Posts Tagged ‘Byzantine’

  • In Photos: 8 Byzantine Empire Era Shipwrecks Excavated in Turkey

    on Jan 3, 15 • in Archaeology, Byzantine, Excavation, News, Turkey • with Comments Off

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    Archeologists in Turkey uncovered a large group of Byzantine-era shipwrecks in an ongoing excavation in Istanbul’s Yenikapi district. Researchers recovered six round ships and naval galleys in addition to fishing boats, coasters and one large merchant ship. “Never before has such a large number and types of well-preserved vessels been found at a single location,” study author Cemal Pulak, of the Institute of Nautical Archaeology at Texas A&M University, said in a press statement, adding, “Even more fascinating is the fact that we can now trace how ship construction and ship design changed over the course of

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  • Byzantine lady’s face revealed, given name of Maria

    on Feb 4, 14 • in Anthropology, Archaeology, Byzantine, News, Turkey • with Comments Off

    The 1,000-year-old skeleton was restructured and named Maria.

      The face of a 1,000-year-old skeleton, which was unearthed during the Marmaray project excavations in Istanbul’s Yenikapı, was restructured by the Yıldız Technical University Istanbul Historic Peninsula Application and Research Center Biological Material Inspection Commission. The skeleton was named Maria by the commission president Mehmet Görgülü because it was the most popular name in that era. This ancient lady is estimated to have been 30 years old when she died, had red hair and was a member of one of the noble Byzantium families. Görgülü, who is a general surgery and medical sciences specialist,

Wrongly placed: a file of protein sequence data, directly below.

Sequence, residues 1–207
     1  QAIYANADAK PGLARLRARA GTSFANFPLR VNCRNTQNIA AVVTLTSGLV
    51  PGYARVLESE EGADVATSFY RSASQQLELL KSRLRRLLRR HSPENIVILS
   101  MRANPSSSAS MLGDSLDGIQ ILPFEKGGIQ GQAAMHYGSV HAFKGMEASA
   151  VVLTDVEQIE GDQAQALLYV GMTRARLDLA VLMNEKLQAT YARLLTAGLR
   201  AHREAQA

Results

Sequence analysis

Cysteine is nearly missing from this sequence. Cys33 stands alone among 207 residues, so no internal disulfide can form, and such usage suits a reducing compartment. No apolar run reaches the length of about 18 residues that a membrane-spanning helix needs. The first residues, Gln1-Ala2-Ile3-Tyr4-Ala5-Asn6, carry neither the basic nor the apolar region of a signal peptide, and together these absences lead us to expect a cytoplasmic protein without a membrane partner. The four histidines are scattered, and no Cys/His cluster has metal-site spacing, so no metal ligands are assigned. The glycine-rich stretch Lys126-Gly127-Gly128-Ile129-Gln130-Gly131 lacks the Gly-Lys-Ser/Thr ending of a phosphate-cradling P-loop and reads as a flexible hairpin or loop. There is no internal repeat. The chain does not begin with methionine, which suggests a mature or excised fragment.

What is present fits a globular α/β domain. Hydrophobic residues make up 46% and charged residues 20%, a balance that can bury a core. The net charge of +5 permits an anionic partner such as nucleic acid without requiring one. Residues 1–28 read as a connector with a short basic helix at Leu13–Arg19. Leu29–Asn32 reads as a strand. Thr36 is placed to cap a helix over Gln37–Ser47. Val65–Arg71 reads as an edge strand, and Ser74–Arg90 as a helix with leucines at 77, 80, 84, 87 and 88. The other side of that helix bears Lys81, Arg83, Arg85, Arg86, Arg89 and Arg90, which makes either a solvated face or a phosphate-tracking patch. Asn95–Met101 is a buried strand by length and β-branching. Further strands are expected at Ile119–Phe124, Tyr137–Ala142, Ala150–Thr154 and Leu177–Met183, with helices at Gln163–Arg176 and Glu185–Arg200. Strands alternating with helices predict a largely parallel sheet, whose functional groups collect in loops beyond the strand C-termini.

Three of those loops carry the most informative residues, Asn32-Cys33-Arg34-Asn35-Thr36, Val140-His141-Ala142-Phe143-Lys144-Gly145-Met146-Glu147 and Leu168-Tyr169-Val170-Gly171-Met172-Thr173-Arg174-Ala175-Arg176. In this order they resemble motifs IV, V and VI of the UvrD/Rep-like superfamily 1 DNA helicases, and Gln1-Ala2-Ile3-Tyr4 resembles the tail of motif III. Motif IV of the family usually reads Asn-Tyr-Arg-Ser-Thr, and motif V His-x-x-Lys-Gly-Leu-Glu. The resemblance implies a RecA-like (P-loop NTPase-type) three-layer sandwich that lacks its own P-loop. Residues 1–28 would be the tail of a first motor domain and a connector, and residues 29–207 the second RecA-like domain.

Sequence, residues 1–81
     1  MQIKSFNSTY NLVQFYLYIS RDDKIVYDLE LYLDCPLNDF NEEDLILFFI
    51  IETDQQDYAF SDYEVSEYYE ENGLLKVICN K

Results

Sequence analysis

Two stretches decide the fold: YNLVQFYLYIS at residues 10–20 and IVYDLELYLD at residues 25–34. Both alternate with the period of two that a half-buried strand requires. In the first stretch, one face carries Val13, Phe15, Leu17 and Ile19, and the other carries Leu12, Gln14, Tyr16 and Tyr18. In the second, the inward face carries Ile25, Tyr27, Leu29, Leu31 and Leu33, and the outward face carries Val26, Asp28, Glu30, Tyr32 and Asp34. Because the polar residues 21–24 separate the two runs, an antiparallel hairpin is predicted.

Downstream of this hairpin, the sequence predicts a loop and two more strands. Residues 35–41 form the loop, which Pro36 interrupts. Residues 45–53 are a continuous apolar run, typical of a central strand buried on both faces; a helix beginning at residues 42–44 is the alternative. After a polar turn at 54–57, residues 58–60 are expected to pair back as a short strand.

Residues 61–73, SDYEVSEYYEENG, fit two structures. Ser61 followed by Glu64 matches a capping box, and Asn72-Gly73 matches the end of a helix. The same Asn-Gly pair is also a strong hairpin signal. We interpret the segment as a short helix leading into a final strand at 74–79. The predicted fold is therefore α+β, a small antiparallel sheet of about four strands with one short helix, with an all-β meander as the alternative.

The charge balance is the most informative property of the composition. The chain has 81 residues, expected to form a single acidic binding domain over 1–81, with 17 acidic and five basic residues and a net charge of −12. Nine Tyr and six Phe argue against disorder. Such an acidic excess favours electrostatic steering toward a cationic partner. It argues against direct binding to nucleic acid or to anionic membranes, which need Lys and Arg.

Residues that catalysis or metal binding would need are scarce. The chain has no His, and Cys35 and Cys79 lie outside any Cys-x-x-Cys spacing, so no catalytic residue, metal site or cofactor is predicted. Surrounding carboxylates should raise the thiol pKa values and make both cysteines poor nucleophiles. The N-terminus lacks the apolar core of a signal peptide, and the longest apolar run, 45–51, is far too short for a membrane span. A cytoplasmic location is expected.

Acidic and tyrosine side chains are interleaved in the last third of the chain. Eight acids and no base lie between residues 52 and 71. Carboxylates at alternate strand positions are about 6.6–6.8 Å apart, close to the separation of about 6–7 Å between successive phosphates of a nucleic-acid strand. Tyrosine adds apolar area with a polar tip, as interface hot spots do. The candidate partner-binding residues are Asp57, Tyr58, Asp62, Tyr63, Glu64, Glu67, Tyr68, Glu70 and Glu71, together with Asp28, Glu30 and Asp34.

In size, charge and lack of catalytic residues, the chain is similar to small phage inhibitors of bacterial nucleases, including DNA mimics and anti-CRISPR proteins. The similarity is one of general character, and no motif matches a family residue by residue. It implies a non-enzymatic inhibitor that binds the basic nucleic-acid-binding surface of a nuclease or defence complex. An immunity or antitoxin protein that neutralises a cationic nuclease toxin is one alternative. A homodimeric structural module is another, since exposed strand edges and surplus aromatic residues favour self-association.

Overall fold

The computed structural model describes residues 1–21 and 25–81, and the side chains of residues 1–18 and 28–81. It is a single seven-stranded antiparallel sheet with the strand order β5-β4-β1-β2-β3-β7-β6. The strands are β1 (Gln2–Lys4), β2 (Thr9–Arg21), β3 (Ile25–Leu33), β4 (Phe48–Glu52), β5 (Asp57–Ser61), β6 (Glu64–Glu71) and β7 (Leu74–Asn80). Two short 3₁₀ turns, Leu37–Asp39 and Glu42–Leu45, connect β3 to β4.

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  • Excavation unearths evidence of Thessaloniki’s urban life between 4th and 9th centuries AD

    on May 11, 13 • in Archaeology, Byzantine, Greece, Late antique, Middle Ages, News • with Comments Off

    Thessaloniki Greece

      Archaeologists in Greece’s northern metropolis Thessaloniki were already overjoyed in 2006 when a 2,300-year-old avenue was found during construction work on the city’s new underground rail network. But a decision to keep in situ the superbly preserved ancient neighbourhood described as “Thessaloniki’s Pompeii” has been hailed as a major win for preservationists in the cash-strapped country that has been forced to make unprecedented cuts to cultural spending. “This is a great victory,” says Aristotelis Mentzos, a professor of Byzantine Archaeology at the city’s Aristotelio University. “Such finds exist in other Roman cities but what

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  • Byzantine History of the World to be Studied and Made Accessible

    on Nov 23, 12 • in Byzantine, History, News • with Comments Off

    Iustinian I - San Vitale Ravenna

    The University of Tübingen is to host a third long-term research project backed by the Heidelberg Academy of Sciences and Humanities in the field of Ancient History. Tübingen historian Professor Mischa Meier is to head a comprehensive 12-year investigation into the Chronographia of the Byzantine historiographer Ioannes Malalas (born around 490 AD), providing a modern commentary and making the text accessible to researchers and the public. The project begins on January 1, 2013, and will receive around €220,000 annually. The Academies of Sciences and Humanities are Germany’s biggest sponsors of Humanities projects, with a total

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